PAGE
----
UNIDENTIFIED FEMALE:  Is the coming election a referendum on Iraq? 

Should it be?

BUSH:  I think the coming election is a referendum on these two

things, which party has got the plan that will enable our economy continue

to continue to grow?  And which party has a plan to protect the American people?  And Iraq is part of the security of the United States.  If we succeed, and when we succeed in Iraq, our country will be more secure.  If we don‘t succeed in Iraq, the country is less secure.

The security of this country—and look, I understand here in Washington, some people say we‘re not at war.  I know that.  They‘re just wrong, in my opinion.  The race is over as far as a lot of punditry goes. 

You know?  They‘ve got it, they‘ve got it all figured out.  And they just -

as I said, they‘re dancing in the end zone.  They just haven‘t scored the touchdown, Mark, you know, and (INAUDIBLE), there‘s a lot to—lot of, lot of time left.

UNIDENTIFIED MALE:  Thank you, Mr. President, (INAUDIBLE) questions today.

BUSH:  What was that?

UNIDENTIFIED MALE:  Thank you for taking questions today.

BUSH:  Baker (ph), I‘m just happy to be able to be here, (INAUDIBLE), I can‘t tell you how joyful it is.

UNIDENTIFIED MALE:  Given that the war in Iraq is not going as well as you want, and given that you‘re not satisfied, as you just told us today, why hasn‘t anybody being held accountable?  Should somebody be held accountable?

BUSH:  Peter, you asked me why I believe Secretary Rumsfeld is doing a good job, I think, if I might decipher to the Washington code.  Well, let‘s start with Rumsfeld.  He is a smart, tough, capable administrator.  As importantly, he understands that the best way to fight this war, whether it be in Iraq or anywhere else around the world, is to make sure our troops are ready, that morale is high, that we transform the nature of our military to meet the threats, and that we give our commanders on the ground the flexibility necessary to make the tactical changes to achieve victory.

The, this is a tough war in Iraq.  It is a hard fight, no question about it.  All you got to do is turn on your TV.  But I believe that the military strategy we have is going to work.  That‘s what I believe.

The ultimate accountability, Peter, rests with me.  That‘s the ultimate.  You‘re ask about accountability, that‘s rests right here.  People want to—people are unhappy about it, look right to the president.

(END VIDEO CLIP)

OLBERMANN:  Dana Milbank on the domestic political implications of all that, particularly the last remark, in a moment.

Though in the bigger picture, even they may be overshadowed by the outcry from the Iraqi government.  Prime Minister al-Maliki, the Iraqi commander in chief, angrily claiming that he had not been consulted about the Sadr City raid before it was launched, while also dismissing the very notion of his government meeting any benchmarks, let alone having imposed them upon itself.

Quoting from his remarks, “I affirm that this government represents the will of the people, and no one has the right to impose a timetable on it.  I am sure this is not the official policy of the U.S. government, but it is a result of the election campaign, and we are not much concerned with that.”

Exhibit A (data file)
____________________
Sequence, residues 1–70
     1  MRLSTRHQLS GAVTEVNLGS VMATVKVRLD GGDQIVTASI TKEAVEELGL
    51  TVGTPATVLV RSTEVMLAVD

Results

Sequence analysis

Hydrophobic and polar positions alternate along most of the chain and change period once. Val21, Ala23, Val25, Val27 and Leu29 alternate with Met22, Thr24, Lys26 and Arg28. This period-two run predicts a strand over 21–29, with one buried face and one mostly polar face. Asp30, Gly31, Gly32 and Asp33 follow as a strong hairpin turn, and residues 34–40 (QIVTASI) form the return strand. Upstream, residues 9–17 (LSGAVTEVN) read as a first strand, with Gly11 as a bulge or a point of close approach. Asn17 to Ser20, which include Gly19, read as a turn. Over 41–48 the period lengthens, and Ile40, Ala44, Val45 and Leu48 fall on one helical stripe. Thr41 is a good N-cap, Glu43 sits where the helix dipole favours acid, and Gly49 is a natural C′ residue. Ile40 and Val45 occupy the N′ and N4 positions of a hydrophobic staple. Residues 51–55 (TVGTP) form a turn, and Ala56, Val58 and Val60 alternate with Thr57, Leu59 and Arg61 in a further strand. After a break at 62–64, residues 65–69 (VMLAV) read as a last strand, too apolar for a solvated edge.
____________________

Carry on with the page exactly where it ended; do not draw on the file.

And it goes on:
As promised now, our own Dana Milbank, also, of course, national political correspondent for “The Washington Post.”

Dana, good evening.

DANA MILBANK, NATIONAL POLITICAL CORRESPONDENT, “THE WASHINGTON POST”: 

Hello, Keith.

OLBERMANN:  By telling voters to hold him accountable for Iraq, with an election less than two weeks away, yet at the same time still defending Secretary Rumsfeld, did President Bush succeed in doing anything other than digging himself and his party into a deeper hole?  Was there a subtle strategy there that we missed?

MILBANK:  It was easy to miss.  I think what he was trying to do is, in many ways, with that last clip, come out and make sort of a Trumanesque statement, And I am responsible here.

I think the overall effect, though, was much more Lyndon Johnson, the picture of a man just completely captured his presidency almost and basically destroyed by a very unpopular war.

Now, I think if there was something that he actually did there, there was some very clever sort of moving of the goal posts there, and it was quite easy to miss.  He basically redefined what victory in Iraq meant today, and he said that victory is defined by a stable Iraq able to defend itself.

Well, it was just a year ago, exactly, when the national strategy for victory in Iraq came out, and that was to have a democracy in Iraq, to have economic prosperity in Iraq, and to have that security component.  So he‘s jettisoned that, the talk about democracy, the talk about human rights.  Much easier to just have some sort of a state that is capable of a military clampdown.  And if that is indeed defining down victory, it makes it easier to achieve.

OLBERMANN:  On top of that, domestically, did he not just make sure that anyplace where it was not, that Iraq has become the top issue in virtually every Senate and House election two weeks from now?  And how could that help the Republicans?

MILBANK:  (INAUDIBLE), a lot of people are asking themselves that very same question right now.  He had another—his earlier press conference didn‘t achieve much.  This one didn‘t seem to either.  Presumably, the president wants to get out there and once again reassociate the link between the overall war on terror and the war in Iraq.

I think he also wanted to sort of answer the state of denial issue, and try to get out there and say, I know things are hard, I know things are and tough, I‘m listening.  He was doing a little nudge, nudge, wink, wink with the benchmarks that he‘s listening to people there.  But the overall effect, of course, was this—just one problem after another.